A senior House Republican is circulating a proposal that would make major cuts and changes to the Social Security system.
Insiders think this is a move to contravene President-elect Trump’s vow to leave the retirement program for 61 million retirees and their families untouched.
The proposal was drafted by Rep. Sam Johnson (R-TX), chair of the subcommittee on Social Security of the House Ways and Means Committee. It was formally introduced as a bill last Thursday. It includes two measures that might attract some interest from Democrats. One would increase retirement benefits for lower-income workers, and another would increase the minimum benefit for low-income earners who worked full careers.
OTOH, other provisions put in place a series of highly controversial measures long debated by both parties. Those measures include:
- Gradually raising the retirement age for receiving full benefits from 67 to 69.
- Adopting a less generous cost of living index than the current one.
- Inaugurating means testing by changing the benefits formula to reduce payments to wealthier retirees.
- Eliminating the annual COLA adjustments for wealthier individuals and their families.
Democrats think that Johnson’s plan, if adopted, would cut current benefits. From Nancy Pelosi:
Slashing Social Security and ending Medicare are absolutely not what the American people voted for in November…Democrats will not stand by while Republicans dismantle the promise of a healthy and dignified retirement for working people in America.
Rep. Johnson is 86 and has both a military pension and a congressional pension, so Social Security is far less important to him than it is to you.
For Republicans, Johnson’s bill is the opening salvo in a much larger conversation about Medicare and Medicaid in the coming year. Speaker Paul Ryan (R-WI) and House Budget Committee Chair Tom Price (R-GA), who will be the next secretary of health and human services, are both on record as wanting major changes to Medicare and Medicaid.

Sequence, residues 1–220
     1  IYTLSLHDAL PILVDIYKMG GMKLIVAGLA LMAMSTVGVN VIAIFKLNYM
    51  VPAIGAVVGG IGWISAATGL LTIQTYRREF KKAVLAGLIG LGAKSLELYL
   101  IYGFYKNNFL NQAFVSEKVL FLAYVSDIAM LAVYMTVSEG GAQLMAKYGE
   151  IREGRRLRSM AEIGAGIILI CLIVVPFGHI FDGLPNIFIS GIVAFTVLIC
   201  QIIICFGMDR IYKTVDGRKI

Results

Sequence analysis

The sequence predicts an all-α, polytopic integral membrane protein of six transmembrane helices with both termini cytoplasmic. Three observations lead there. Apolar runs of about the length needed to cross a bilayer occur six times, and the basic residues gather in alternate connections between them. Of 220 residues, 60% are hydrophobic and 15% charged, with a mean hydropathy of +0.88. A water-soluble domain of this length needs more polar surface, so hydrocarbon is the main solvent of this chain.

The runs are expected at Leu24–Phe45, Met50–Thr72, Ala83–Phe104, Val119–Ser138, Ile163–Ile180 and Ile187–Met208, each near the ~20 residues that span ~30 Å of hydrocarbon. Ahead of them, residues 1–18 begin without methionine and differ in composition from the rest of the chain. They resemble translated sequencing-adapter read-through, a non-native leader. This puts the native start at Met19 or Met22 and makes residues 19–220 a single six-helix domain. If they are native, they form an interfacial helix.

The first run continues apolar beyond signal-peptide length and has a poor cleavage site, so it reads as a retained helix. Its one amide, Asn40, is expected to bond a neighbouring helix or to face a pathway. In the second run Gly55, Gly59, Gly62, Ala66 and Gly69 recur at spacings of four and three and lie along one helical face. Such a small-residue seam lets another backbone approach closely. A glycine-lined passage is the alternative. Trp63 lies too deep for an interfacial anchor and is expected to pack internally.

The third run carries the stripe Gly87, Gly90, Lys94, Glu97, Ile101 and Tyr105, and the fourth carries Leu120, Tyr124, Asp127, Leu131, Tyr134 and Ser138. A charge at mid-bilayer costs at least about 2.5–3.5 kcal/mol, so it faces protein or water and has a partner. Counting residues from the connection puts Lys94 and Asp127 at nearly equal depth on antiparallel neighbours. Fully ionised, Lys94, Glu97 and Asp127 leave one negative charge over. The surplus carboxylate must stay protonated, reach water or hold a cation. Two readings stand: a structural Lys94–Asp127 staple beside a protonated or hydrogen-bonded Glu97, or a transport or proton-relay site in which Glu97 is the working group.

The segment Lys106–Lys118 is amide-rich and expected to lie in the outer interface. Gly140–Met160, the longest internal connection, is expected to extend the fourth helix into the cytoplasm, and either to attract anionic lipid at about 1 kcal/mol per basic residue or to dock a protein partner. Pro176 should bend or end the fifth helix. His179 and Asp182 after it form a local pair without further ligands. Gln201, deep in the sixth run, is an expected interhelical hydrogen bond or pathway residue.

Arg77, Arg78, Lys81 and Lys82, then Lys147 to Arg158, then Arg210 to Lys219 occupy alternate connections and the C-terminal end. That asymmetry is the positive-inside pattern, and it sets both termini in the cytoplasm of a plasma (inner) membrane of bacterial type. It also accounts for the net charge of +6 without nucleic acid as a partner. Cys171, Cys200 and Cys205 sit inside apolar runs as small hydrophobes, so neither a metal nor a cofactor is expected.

Democrats see the 2017 GOP plans as a frontal assault on the nation’s social safety net.
The argument has been that the Social Security trust fund will run out of money, but it is not in imminent danger. The Trustees Report in March warned that the fund will begin running out of money in 2034 when beneficiaries will have to face a 21% benefit cut.
Last week, Rep. Tom Cole of Oklahoma, a House Republican, and Rep. John Delaney of Maryland, a Democrat, renewed their support for a plan to create a bipartisan, 13-member panel to recommend to Congress ways to prevent the massive trust fund from running out of money while extending its solvency for another 75 years.
They envision that the new commission would operate along the lines of one created 35 years ago, in the Reagan administration. That commission helped pave the way for legislation that extended the life of Social Security by 50 years. Some possible proposals, such as raising the retirement age, increasing federal payroll tax revenues or altering the cost of living adjustments to save money will trigger strong opposition from the AARP, progressive activists and Democrats.
It’s long been a GOP theme that since Social Security needs a fix by 2033, we need to cut benefits now. Never mind that a minor upward adjustment to the income limit for the Social Security tax would resolve the problem with no cuts to benefits.
We’ll see if President Donald J. Trump supports this bill, after saying very loudly during the campaign that he was against touching Social Security.
Maybe the J stands for “just kidding.”
Since we’re on the verge of becoming “great” again, or, at the very least, having the trains run on time, maybe El Jefe can get the GOP to leave Social Security alone?